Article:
What are the precautions to be observed when distilling a flammable solvent?

1 Answer
Apr 9, 2017

Answer:

No nekkid flames.........

Explanation:

The distillation apparatus is contained so that the mixture is distilled under a slow bubble of dinitrogen or argon gas (clearly, we don't distil using a closed system, why not?). The apparatus is continually supervized (mind you, were such a system to ignite, the physical heat of the flames would prevent you from coming close to it). Large volumes to be avoided.

Check your distillation setup BEFORE you start the process (this is where a nitrogen bubbler is useful, because if there is a leak or the in the line or a misfit in the glass seals the bubbler won't bubble; sometimes you reseat a glass joint by pushing the seals together, and the bubbler starts going berserk!) The collecting flasks are removed (with respect to distance) somewhat from the distillation flask, and the heat source. Before disassembling the distillation setup AFTER you have finished distillation, you allow the assembly to cool to room temperature.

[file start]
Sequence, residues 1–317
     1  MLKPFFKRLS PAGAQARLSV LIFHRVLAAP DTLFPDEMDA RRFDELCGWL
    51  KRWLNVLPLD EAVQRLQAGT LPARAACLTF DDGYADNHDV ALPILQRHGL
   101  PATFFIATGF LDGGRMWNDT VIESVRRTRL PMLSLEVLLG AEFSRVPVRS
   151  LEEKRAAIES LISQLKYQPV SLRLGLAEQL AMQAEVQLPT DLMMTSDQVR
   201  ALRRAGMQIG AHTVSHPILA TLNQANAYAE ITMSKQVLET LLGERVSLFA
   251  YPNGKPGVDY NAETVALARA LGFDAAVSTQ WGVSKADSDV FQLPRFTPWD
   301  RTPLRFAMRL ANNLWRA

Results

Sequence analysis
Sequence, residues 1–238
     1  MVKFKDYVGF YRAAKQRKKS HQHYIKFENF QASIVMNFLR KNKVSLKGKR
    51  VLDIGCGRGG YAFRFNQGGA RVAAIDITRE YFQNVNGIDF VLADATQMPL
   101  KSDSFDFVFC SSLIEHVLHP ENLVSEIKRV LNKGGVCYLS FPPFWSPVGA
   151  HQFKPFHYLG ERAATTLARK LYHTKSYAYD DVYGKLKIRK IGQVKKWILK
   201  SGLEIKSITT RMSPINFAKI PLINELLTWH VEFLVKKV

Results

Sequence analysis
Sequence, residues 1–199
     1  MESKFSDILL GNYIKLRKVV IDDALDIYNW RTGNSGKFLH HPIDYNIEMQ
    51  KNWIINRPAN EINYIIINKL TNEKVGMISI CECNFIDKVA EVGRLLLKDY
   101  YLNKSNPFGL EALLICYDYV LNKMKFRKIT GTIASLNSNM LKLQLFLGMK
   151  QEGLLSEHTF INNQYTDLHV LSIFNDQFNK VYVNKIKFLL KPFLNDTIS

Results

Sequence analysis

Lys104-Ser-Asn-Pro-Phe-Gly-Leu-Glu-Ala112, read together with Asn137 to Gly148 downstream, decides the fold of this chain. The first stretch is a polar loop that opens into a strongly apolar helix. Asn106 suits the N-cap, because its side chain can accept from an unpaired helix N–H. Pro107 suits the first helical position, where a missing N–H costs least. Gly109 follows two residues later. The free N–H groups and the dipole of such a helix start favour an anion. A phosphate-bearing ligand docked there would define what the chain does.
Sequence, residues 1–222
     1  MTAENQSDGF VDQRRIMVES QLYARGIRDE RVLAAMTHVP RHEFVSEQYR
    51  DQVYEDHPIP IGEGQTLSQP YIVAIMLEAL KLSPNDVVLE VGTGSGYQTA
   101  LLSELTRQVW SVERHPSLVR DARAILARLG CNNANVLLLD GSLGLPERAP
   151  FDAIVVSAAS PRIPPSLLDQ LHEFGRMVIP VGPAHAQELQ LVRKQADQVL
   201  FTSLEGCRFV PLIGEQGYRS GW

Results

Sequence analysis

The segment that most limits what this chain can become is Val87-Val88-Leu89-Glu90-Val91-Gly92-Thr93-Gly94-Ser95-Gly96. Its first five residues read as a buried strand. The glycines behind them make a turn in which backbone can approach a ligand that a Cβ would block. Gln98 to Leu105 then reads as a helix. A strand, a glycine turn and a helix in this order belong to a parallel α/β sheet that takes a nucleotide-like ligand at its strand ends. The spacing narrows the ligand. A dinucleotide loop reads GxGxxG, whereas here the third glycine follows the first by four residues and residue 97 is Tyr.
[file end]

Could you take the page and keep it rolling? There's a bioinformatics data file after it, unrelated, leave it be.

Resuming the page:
I could probably think of some more precautions, but despite the best intentions, you cannot make a lab idiot proof, and we always make mistakes thru tiredness or carelessness or ignorance.

And I forgot the TOP priority. Don't WORK ALONE, and don't leave the still unattended. If you boil the still dry while collecting the solvent, you will not be the first klutz to do so (that was me!). Note that there are probably some very experienced chemists in your department who should be willing to look at your setup and offer advice and suggestions. Avail yourself of their experience; it's free and highly useful, tho you might have difficulty in shutting them up! And when you yourself become experienced pass that experience on to the next generation.

Just to add that in many labs these days, where safety is the over-riding priority, chemists who require water-free, oxygen free solvents, often use drying columns, where a solvent is pushed thru a column packed with molecular sieves to remove water, and Q5 catalysts to remove oxygen, and bottled gas, i.e. dinitrogen or argon is used to provide the pressure. The use of compressed gas entails its own particular, and significant safety hazards (and sometimes these are blithely ignored!). Nowadays we seem to be out of the flame and still age........